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May 11, 2006

Comments

Your theory is absolutely correct. Both carriers are awful (really in all classes of service). Everything just seems so old and run down (including many US airports).

Yes it is awful flying in economy today and yes AA is the worst airline in the entire world, even worse that LIAT!!!!

AA is way worse than UAL. At least UAL has a palatable international product on Pacific routes, and their transcon PS service is the best in the US hands down. Sadly neither one can hold a candle to any of the foreign carriers. Flying in the US is like taking the bus.

It's definitely American. Witness: I checked into AA at Kennedy last week an hour before my flight, used the automated kiosk, got my boarding pass but when I went to the counter to check my bag, the baggage tag printer was broken. They fixed it after about 5 minutes, at which point my tag didn't print. They then told me that I had "arrived too late" and my bag could no longer be checked. They refused to manually tag it, and said that if the system didn't print a tag obviously I was too late to check in. When I countered by showing them the actual boarding pass which indicated I was indeed checked in, they sent me to a manager who rather than helping, refused to let me fly (TSA regulations, yada yada...). In the end they made me wait 2.5 hours for the next LA flight whereupon I was late for the dinner which was the entire point of my trip. Not a single employee in that entire experience offered to help in any way.

Now, United. When I checked in online two weeks ago for a trip from Chicago, I was offered (for an additional $30.00) to upgrade to United Plus for 6 more inches of legroom. For me this is nirvana becuase 31" is just not enough for someone who is 6' tall. I would book this all the time if all the airlines offered this.

So there you have it. Let's all just fly JetBlue, huh?

AA is definitely worse in ANY class of service, even baggage. On a recent redeye from LA to New York, I was travelling with my film-friendly large dog. When I got to the gate, I looked out toward the plane only to see my prized companion's crate upended on his side on the tarmac with noone to talk to about righting him.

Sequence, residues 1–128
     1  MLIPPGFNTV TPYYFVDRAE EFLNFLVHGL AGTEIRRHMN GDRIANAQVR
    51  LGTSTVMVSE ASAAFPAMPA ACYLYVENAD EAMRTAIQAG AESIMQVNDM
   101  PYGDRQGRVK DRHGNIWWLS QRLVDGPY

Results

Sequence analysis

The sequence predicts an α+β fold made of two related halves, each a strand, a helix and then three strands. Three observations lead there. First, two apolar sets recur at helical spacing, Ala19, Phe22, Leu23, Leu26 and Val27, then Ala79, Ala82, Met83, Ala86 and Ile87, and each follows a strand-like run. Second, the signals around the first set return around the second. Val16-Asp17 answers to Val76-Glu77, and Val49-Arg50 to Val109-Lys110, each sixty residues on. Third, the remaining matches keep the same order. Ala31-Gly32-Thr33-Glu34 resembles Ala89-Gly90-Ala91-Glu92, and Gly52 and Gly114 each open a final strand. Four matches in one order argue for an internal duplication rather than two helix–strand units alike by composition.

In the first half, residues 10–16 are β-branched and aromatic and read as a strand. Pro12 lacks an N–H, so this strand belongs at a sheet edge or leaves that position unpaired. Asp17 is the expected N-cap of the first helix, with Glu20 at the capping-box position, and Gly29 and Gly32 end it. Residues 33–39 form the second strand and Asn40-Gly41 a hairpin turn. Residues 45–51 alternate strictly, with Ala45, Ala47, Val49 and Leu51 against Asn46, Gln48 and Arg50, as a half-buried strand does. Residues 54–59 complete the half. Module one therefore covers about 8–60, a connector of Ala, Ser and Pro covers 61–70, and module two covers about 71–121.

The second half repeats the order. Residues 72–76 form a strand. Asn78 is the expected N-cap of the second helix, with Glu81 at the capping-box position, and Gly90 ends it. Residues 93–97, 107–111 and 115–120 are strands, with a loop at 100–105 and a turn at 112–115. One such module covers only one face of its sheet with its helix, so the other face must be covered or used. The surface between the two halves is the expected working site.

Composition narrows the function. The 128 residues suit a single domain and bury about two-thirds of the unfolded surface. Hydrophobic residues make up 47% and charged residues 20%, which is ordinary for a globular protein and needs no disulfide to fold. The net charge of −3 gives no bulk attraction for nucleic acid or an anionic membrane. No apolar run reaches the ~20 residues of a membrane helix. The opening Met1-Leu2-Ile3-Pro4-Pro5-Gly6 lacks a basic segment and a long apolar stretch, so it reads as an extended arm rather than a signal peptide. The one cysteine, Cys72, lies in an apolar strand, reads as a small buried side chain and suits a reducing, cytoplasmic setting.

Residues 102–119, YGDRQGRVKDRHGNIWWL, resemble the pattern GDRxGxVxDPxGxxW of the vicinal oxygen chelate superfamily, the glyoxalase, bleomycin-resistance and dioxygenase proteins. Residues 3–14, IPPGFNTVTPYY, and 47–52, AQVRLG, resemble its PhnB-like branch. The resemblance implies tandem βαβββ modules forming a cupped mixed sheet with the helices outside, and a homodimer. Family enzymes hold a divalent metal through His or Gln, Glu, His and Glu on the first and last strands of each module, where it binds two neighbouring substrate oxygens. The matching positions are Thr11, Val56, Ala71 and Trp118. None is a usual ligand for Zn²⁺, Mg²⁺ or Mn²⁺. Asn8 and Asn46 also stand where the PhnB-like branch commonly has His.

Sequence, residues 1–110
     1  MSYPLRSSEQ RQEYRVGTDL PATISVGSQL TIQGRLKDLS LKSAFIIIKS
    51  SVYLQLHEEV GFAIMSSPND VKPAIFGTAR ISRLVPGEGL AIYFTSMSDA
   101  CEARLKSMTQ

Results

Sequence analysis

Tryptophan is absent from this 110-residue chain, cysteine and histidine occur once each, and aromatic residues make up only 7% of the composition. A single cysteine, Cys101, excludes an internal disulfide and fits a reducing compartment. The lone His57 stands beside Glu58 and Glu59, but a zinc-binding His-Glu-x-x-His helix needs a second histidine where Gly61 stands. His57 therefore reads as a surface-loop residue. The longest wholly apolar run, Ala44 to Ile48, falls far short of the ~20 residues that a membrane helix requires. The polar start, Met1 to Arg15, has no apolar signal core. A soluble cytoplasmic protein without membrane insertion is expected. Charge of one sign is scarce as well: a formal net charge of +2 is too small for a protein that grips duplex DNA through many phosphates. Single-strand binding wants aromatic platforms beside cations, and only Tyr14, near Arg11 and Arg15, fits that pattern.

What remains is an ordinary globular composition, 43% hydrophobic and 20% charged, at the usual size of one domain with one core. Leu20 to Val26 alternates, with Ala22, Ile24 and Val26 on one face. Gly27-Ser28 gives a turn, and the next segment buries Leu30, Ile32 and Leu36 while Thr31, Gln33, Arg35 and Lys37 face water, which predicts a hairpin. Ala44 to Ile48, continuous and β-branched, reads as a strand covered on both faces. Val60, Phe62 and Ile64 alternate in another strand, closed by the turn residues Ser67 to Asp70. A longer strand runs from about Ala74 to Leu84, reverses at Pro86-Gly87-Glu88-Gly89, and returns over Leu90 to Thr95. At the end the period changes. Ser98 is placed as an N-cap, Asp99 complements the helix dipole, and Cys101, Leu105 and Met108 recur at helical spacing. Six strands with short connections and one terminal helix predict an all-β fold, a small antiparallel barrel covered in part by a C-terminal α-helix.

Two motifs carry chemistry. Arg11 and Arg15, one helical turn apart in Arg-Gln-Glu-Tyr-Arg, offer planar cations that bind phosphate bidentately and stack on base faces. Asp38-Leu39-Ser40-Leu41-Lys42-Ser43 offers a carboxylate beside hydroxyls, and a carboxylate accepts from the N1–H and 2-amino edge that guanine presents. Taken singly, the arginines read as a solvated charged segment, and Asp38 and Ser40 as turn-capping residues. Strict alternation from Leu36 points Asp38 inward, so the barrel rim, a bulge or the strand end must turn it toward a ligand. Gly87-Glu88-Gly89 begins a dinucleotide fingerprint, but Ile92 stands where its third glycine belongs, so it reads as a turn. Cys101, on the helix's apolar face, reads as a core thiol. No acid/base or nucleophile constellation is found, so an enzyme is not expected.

United, on the other hand, on a similar jaunt, upgraded me to Business and the Captain announced (yes, this was embarrassing but comforting)just before take-off that "Buddy has been boarded; we're on our way to the Big Apple.")

United takes its celebrities seriously!

Having just yesterday returned from Kentucky on AA, I have to concur. We got good and fed up with United last year and began to switch allegiances, but a couple of AA flights later, we're not so sure. Almost all domestic flights have no entertainment whatsoever (not that I generally avail myself of it, but it's the principle); all snacks are purchased (increasingly the standard); and yes, the fleet is getting long in the tooth. I will say, though, that generally the people we interact with on AA have been nicer than UAL but only in minor increments.

On the upside: Horizon Airlines was surprisingly pleasant. Decent snacks, quality local wine and microbrews (free!) and extremely courteous service. For such short haul flights, you wouldn't think they have to try so hard, but I'm glad they do.

Chicago O'Hare is one of the world's busiest airports, and both United and American have major hubs there. I have to agree that United is better than American. They have a newer fleet, compared to American's old MD80s, and they're better at adding flights in the well-traveled routes. They have employees that care more about your travel experience than AA.

Hey David, first the short story. I remember meeting you when I was working for UA in NYC and you were doing Out & About. Then saw you in SF for a bit. Glad to know you are back in NYC and enjoying life.

I agree with all the comments about the way the US flag carriers treat their passengers. My partner Is Global Services at UA and they have treated us well. But it all depends on the attitude of the person working. Both on the ground and inflight. Fractional Ownership of an airplane begins to make sense. Go figure.

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